As pointed out above it cannot be said with any amount of certainty whether the Ahata does or does not answer the description of a house. Under these circumstances when the question of jurisdiction was not raised and is linked with a question of fact it will not be proper for this Court to entertain the plea, in revision.
6. It has also been urged on behalf of the applicant that the learned Judge Small Cause Court should not have found in favour of the plaintiff as the evidence adduced before him. The plaintiff's case was that the defendant was a tenant while the defendant said that he was not a tenant. This was a question of fact and if the learned Small Cause Court Judge has accepted the evidence of the plaintiff and has come to the conclusion that it was Babu Lal who was the tenant of the plaintiff End that the other persons who were carrying on business were there on behalf of Babu Lal and at his instance, it will not be open to this Court to review the findings and come to a different conclusion. Findings of fact arrived at after the consideration of evidence must be accepted and cannot be challenged in revision.
7. It has been argued on behalf of the applicant that no tenancy could be created except by a written registered lease in view of the provisions of Section 107 of the Transfer of Property Act. Section 107 provides that a lease of immovable property from year to year or for many terms exceeding one year or reserving an yearly rent can be made only by a registered instrument. In the present case the lease was neither from year to year nor did it reserve an yearly rent. It was also not for a term exceeding one year. Under these circumstances Section 107 has no application and a lease from month to month made orally with delivery of possession would be a perfectly legitimate form of making a lease,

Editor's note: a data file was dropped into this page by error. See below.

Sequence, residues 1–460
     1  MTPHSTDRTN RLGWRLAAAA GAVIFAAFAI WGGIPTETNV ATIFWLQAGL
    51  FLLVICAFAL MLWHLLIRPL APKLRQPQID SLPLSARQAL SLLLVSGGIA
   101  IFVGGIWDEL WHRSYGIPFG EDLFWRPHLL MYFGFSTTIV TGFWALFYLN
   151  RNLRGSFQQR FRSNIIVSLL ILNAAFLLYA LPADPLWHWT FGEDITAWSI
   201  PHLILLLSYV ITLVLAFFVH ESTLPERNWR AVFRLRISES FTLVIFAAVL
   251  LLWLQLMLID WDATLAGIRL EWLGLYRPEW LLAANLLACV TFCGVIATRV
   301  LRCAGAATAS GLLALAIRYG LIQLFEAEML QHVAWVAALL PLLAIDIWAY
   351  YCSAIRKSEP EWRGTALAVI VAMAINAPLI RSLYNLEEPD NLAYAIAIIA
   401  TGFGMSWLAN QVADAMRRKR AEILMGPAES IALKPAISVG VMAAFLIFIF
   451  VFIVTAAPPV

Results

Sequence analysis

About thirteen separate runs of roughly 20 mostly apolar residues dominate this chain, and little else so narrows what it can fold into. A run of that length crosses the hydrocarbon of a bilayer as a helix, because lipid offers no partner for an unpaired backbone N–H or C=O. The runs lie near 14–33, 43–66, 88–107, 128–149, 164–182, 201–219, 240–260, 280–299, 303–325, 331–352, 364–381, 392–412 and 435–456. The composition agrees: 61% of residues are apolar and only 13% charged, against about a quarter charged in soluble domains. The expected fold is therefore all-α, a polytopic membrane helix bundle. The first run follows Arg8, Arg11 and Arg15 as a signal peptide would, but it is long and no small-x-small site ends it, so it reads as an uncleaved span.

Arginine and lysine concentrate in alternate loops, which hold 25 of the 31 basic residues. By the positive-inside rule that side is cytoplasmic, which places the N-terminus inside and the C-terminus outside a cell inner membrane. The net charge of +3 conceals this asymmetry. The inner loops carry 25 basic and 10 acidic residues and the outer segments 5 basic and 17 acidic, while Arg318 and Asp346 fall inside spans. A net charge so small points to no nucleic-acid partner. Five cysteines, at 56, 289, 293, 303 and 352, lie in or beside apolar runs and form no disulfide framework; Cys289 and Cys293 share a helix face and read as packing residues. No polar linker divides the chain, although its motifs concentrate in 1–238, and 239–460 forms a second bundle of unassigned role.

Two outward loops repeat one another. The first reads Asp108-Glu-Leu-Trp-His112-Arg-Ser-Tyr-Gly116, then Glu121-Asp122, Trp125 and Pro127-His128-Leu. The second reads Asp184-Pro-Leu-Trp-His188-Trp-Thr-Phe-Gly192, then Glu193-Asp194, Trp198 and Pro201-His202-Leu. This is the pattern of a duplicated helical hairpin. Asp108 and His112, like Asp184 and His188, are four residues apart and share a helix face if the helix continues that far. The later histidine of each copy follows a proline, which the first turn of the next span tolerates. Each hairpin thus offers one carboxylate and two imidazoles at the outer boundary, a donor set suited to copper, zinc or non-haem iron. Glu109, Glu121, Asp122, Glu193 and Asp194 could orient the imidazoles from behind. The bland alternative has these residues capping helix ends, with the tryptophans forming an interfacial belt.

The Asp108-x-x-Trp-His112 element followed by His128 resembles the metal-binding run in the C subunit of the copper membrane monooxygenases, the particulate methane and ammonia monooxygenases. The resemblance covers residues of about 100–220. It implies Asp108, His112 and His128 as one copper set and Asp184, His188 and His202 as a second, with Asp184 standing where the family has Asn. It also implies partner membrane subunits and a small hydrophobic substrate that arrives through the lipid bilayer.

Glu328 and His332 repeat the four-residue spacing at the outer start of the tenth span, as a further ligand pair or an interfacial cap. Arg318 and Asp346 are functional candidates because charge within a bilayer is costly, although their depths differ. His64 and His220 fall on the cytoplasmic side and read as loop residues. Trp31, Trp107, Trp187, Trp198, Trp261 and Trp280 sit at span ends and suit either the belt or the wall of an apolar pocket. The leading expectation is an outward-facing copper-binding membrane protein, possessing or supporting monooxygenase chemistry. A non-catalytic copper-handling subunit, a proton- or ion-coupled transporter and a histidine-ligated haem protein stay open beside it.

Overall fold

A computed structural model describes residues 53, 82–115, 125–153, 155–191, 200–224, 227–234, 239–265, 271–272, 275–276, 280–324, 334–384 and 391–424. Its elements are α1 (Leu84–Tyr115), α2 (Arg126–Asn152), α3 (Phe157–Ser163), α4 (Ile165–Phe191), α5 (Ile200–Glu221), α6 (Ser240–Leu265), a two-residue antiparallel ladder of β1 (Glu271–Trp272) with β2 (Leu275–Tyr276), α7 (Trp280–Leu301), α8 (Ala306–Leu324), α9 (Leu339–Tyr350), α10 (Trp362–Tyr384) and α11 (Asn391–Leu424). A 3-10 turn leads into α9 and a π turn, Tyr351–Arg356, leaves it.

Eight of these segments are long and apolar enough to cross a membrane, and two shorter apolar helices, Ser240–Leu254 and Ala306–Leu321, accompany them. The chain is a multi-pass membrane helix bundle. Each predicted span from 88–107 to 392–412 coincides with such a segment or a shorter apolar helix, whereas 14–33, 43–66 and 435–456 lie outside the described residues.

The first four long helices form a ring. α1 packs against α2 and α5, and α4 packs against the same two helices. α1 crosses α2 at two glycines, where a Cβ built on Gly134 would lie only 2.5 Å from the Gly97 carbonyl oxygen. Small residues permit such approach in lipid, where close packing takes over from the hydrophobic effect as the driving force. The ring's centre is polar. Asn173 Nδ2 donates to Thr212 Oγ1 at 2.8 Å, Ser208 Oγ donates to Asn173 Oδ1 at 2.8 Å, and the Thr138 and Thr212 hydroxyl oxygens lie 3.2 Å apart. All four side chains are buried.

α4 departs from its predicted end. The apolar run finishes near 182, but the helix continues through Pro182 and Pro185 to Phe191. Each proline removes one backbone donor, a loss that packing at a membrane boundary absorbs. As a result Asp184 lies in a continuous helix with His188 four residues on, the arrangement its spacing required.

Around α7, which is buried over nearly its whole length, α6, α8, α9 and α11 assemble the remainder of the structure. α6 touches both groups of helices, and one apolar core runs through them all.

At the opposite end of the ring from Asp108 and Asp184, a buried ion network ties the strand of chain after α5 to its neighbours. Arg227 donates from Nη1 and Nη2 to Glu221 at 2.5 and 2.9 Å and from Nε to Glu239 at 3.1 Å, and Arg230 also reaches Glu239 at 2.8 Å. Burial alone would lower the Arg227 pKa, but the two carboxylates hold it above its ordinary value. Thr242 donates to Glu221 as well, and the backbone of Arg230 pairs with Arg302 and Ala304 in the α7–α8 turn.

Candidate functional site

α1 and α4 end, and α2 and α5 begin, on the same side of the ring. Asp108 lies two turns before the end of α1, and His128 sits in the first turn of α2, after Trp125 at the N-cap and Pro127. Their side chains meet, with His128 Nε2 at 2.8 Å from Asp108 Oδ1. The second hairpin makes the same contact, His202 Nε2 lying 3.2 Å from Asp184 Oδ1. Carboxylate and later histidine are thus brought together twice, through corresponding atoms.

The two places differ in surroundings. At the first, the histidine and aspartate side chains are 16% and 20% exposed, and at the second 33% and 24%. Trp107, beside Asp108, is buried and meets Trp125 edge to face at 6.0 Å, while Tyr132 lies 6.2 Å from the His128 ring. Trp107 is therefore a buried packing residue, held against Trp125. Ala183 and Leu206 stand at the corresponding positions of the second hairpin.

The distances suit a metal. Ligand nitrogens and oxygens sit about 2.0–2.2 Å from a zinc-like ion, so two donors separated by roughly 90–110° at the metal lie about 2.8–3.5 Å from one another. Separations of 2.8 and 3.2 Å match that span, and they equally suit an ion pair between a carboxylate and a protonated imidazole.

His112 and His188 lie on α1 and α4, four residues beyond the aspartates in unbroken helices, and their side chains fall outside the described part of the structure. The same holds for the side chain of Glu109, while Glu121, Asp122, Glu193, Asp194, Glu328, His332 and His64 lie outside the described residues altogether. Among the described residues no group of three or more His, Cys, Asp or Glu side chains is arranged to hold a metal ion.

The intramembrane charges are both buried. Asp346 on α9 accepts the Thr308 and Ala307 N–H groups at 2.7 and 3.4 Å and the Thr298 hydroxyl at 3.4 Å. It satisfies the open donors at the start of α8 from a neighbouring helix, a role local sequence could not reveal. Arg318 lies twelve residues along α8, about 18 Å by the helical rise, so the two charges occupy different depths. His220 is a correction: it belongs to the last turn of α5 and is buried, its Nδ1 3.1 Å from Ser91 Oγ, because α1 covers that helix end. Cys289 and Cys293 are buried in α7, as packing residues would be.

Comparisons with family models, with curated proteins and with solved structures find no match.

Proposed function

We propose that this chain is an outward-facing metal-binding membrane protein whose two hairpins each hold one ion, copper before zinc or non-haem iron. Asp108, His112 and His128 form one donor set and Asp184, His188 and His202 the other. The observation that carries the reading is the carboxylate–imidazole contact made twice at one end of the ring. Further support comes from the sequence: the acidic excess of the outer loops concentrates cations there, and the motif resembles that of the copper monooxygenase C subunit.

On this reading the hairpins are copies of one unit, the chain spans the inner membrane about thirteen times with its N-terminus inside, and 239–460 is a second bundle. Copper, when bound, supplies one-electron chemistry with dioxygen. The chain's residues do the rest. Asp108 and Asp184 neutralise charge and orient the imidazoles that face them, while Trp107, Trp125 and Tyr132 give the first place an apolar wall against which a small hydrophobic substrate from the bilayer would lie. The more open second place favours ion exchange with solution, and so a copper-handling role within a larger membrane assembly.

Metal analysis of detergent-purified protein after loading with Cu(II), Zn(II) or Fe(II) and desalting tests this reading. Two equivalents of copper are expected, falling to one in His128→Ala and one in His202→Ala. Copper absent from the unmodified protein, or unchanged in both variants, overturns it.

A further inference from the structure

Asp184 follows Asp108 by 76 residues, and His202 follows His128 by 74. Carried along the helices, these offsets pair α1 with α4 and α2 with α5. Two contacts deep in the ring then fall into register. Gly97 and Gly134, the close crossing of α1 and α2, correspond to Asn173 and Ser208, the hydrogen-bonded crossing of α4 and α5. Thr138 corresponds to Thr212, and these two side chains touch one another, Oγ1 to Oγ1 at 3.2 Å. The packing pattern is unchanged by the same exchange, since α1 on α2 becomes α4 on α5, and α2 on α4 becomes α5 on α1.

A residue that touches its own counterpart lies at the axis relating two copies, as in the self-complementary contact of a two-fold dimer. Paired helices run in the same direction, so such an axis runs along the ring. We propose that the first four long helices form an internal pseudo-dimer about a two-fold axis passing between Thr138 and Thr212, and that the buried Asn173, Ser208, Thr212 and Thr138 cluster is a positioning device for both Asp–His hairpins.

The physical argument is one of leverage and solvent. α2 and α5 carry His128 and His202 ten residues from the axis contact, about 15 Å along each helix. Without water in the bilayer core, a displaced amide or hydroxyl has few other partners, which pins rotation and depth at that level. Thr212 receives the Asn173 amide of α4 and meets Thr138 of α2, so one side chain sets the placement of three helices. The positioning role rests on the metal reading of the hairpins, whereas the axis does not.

8. The last submission made on behalf of the applicant was that the defendant had in reply to a notice sent by the plaintiff informed him that he was not a lessee and this should be deemed to be a termination of the lease, if any and the plaintiff should not be allowed to maintain a suit for rent thereafter. This plea was also not taken up in the Court below. The defendant alleged that he had never been a tenant of the plaintiff,--an assertion of fact which was stoutly disputed by the plaintiff. The plaintiff has after producing evidence succeeded in proving that the defendant was a tenant.
Under these circumstances it cannot be argued that the tenancy had been terminated. Reliance has been placed on three reported cases, viz., Abdul Qayum v. Mohd. Fazal Azim, AIR 1937 Lah 121 (D); Baliramgiri Ramchandragiri v. Vasudey Moreshwar, ILR 22 Bom 348 (E) and A.C. Raman v. Kunhi Bara Haji : AIR1953Mad996 . In all these cases it has been observed that for a proper determination of tenancy the tenants should make over possession to the landlord.
In the present case the defendant not only did not make over possession of the premises but also denied having ever got into possession of the premises. It was, therefore, necessary for the Court to determine whether the defendant was a tenant of the plaintiff and the plaintiff could claim rent by proving that he was a tenant. None of the three cases cited by the learned counsel for the applicant have any bearing to the facts of the present case.
9. No other point has been pressed.
10. The application for revision is, therefore, dismissed with costs to the opposite party.